I’m going to start with some influencer news (or ‘tea’ if you follow influencers!). Chiara Ferragni (aka The Blonde Salad) is a HUGE Italian blogger/businesswoman (her own description and very nice to see the word blogger leading the way) with various businesses of her own. She turned her blog into a multi-million pound empire yet is now facing criminal charges of fraud. There have been rumblings for some time but things came to a head late last year when she claimed sales of a pink pandoro, designed by Ferragni, would raise funds for a children’s hospital in Italy. The reality turned out to be somewhat different – the ‘donations’ were already pre-arranged by the producers of the pandoro to the tune of EU50,000 and Ferragni’s companies (two of them) made around about EU1million from the collaboration. Italy’s consumer watchdog felt the pandoro had been falsely advertised and violated consumer codes. The manufacturer of the pandoro was also fined – EU420,000. It’s not just the fine which has pinched at the accounts – various brand deals (one of them Coca Cola) have been scrapped by the brands. It’s a lesson in growing an empire too big to manage (I don’t think for a moment that Ferragni sat down and wondered how she could screw a charitable initiative for a million euros) and how quickly the tides can turn. It’s been keeping Italy riveted for months now despite the fact that she has now donated EU1million to the hospital in question.

Remember Cover FX? When it launched in the UK several years back, much was made of the fact that it was co-founded by Lee Graff and Victor Casale, the latter being a founder of MAC which was sold to Estee Lauder in 1998. However, the recent sale of Cover FX to AS Beauty (who own Laura Geller, Mally Beauty and Julep Beauty) erases Victor’s involvement, claiming the owner is Lee Graff. Looking at the company’s Bloomberg profile, Victor is still listed as present with the company as Chief Innovation Officer and while Lee is listed as co-founder, Victor is not. What happened here? Victor has a new company – MOB beauty – but this reminds me of when Rumiko was totally erased from the history of RMK make up which was named for her.  CoverFX has a strong presence on QVC but otherwise, is not particularly a player in the UK market.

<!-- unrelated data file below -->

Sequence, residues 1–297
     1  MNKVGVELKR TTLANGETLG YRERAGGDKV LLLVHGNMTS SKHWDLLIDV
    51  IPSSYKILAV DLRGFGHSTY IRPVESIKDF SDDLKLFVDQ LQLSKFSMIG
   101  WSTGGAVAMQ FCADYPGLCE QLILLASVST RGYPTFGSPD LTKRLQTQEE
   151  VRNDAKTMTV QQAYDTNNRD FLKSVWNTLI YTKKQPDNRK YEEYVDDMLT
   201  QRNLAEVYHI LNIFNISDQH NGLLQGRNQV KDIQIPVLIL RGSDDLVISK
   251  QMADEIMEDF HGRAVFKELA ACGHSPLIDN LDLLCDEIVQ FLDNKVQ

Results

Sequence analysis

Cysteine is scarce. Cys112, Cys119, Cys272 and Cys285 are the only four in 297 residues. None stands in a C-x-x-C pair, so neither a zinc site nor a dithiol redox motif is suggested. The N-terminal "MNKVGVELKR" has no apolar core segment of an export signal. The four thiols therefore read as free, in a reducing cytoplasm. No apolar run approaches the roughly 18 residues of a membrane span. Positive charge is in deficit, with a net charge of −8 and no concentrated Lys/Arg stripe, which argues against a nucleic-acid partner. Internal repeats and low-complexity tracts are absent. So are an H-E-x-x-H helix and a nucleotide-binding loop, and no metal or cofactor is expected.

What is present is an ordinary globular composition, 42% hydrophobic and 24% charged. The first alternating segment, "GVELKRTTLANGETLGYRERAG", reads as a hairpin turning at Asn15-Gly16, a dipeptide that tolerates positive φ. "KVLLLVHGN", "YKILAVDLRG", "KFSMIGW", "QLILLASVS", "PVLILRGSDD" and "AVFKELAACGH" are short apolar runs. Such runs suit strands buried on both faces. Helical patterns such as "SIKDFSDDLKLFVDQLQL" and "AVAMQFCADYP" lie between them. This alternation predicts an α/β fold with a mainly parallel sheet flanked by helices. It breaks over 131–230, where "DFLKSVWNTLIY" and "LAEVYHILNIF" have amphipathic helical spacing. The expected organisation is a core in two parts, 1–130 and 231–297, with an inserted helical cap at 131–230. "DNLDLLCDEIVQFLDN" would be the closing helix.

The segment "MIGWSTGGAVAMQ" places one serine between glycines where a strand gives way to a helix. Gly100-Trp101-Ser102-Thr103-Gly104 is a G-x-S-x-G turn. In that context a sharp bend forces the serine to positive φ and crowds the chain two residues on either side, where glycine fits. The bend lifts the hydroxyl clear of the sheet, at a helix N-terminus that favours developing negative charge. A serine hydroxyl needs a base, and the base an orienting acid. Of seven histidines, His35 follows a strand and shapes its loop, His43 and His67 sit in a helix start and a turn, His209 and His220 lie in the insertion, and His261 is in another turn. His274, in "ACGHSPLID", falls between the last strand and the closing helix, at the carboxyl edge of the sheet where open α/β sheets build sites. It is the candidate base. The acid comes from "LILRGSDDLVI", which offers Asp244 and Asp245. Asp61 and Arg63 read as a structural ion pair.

The Body Shop at Home is closing as of the end of February 2023. It’s not really something that enters my sphere so I forget about its existence at all, but in fact, there are thousands of TBS at Home consultants who make a living from hosting TBS parties. I’m a big fan of TBS product but I can see why it has been outgrown by digital. Just as we are at a time when ‘real world’ social interactions are the lowest they’ve ever been thanks to having our heads in our phones all the time, it feels so much like an indicator of how we live now. However, TBS will be offering their At Home consultants the opportunity to pivot to digital consultants. The shape of this is as yet undisclosed. Additionally, TBS new owners, Aurelius, is apparently about to digest itself of parts of their international business, selling their mainland Europe and parts of Asia arms.